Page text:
Mythology can be a complex subject, even where there is an apparently simple myth. For example, we can look at the myth of the Three Kings who came to visit Jesus after his birth. When we look at this both from the perspective of Eliot's classes of myth, and also when we look at the elites involved, and we find quite an interesting story of different levels:-
- they are alternatively called wise men and Kings
- if we were to read a similar Native American myth of three wise men coming to the birth of a child, we would not be at all surprised by this context, so we can see elements of this tale as having a primitive origin
- from memory, Robert Graves recounts similar legends from pagan mythologies in the Middle East, i.e. from Mesopotamia or Ancient Greece
- obviously the story itself is part of the Christian religion, and although it does not seem to be a central belief of Christianity, it is one of its more attractive stories. However, when we look at it from the perspective of elites, we find an interesting story - Israel was then ruled by Roman military and economic elites, but there was also a dominant native Jewish religious and social elite. Yet the visitors are reported to be kings from afar, that is, they are not part of either the Roman or Jewish elites, but seem to be from some other 'foreign' elite, or from another culture.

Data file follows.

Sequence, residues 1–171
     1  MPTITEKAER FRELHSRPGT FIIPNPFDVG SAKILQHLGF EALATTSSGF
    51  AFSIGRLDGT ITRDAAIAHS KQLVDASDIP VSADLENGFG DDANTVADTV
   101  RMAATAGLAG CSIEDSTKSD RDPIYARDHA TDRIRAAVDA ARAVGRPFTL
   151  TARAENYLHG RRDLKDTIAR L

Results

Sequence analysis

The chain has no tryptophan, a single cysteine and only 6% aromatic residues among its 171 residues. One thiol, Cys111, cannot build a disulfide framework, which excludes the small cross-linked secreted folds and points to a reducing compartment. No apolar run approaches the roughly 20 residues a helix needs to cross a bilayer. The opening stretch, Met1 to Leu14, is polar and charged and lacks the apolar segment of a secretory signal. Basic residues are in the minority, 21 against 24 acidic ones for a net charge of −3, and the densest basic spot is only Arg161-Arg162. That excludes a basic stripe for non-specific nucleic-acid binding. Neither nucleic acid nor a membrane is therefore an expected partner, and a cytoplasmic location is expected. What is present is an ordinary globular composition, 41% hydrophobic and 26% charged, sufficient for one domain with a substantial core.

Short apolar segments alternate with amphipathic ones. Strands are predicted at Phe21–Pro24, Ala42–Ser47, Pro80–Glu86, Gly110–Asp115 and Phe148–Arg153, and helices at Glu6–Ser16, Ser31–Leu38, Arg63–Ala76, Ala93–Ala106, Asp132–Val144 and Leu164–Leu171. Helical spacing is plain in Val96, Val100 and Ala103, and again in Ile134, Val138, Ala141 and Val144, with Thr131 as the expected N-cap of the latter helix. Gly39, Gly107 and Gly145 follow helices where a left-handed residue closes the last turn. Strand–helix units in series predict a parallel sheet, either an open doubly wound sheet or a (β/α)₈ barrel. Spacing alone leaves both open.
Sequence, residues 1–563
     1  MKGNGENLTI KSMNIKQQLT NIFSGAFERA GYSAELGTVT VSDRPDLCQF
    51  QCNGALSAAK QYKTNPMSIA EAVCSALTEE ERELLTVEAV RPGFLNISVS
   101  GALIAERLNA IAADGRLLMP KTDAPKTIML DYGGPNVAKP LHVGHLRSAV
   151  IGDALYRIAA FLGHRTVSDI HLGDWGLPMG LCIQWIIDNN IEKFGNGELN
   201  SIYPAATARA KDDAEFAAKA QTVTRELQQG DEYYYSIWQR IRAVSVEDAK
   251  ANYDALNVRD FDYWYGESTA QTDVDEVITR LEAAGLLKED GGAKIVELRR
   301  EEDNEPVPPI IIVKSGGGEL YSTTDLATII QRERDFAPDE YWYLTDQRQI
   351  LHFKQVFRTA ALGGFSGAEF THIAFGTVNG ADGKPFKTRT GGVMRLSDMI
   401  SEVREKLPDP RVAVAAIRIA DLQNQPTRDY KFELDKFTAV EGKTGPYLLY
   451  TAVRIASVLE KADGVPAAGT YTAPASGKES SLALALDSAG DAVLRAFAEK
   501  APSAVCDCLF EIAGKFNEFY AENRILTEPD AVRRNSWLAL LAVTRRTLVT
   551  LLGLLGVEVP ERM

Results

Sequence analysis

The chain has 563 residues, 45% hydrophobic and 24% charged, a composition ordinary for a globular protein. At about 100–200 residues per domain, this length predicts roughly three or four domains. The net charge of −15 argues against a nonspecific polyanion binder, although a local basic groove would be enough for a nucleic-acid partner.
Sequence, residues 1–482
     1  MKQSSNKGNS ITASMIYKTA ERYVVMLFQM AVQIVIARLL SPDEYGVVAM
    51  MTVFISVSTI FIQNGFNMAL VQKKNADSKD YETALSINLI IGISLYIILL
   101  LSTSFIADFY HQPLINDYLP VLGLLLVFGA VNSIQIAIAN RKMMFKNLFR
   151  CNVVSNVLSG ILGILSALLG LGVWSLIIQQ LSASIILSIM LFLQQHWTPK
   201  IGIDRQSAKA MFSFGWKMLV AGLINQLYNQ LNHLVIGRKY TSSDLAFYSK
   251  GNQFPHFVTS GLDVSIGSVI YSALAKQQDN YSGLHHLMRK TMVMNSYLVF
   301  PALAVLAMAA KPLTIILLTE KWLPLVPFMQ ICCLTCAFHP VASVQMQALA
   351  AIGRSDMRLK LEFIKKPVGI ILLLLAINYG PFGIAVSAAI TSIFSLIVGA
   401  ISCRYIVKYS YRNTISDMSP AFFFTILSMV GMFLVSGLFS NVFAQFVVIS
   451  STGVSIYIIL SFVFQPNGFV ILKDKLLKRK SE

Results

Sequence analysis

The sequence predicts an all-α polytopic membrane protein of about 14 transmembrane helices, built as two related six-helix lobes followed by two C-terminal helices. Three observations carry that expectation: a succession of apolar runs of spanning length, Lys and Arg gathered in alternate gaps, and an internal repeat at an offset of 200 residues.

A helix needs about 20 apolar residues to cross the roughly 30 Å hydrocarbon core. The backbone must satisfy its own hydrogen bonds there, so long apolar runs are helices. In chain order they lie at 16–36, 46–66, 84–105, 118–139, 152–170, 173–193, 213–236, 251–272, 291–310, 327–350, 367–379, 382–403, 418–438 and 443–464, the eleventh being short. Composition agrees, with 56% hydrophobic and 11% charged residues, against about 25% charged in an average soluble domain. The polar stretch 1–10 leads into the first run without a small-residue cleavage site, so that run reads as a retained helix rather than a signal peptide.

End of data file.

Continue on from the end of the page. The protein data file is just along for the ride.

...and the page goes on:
- entertainingly, there are continual attempts by scientists and historians to reconcile their calculations of astronomical data with biblical history such as the details given in this story. They do this with the intention that the details given in the bible can be verified and an exact date given for these events. These attempts seem doomed to failure, even if only because of the radical differences between the systems of religious and scientific myths. The myth in either system does not need to be true to be of value to its adherents.
- The story has key elements which might also be expected in a fairy story, of kings and gifts, and then flight to a foreign land
From this simple story we can perhaps see more ancient origins and connections for this myth, some information about the elites and cultures of that historical period, and a idea of how scientific myths operate on a different level to sacred myths
Politics and Mythical levels. Elsewhere I have described some modern views of elites, but the elites found in mythology are all archaic or primitive from a modern political viewpoint - there are warrior kings, elders, gods, priests, and peer groups (lodges, royal councils). The ideals and stereotypes found in modern political systems seem to be mostly 'pagan' (witch/spin doctors, politicians with "power", the rostrum and autocue) and there are some attempts to use manifestos as 'great books'.
However, I do not want to 'force' any of these myths or elites into an unsuitable pattern. This is why I have suggested a 'hierarchy of understanding'.
On the basis of "levels of hierarchy", a possible reason for this may be that
- we understand myths at (say) level 2 or 3 of the hierarchy of understanding, That is, myths are really quite well understood, even if intuitively - any good storyteller can communicate it !
- however, our understanding of elites, politics and nation states is very much lower - at (say) levels 4 or 5 of that hierarchy of understanding
We may be operating our myths at a higher level of sophistication than we operate our countries (?!!)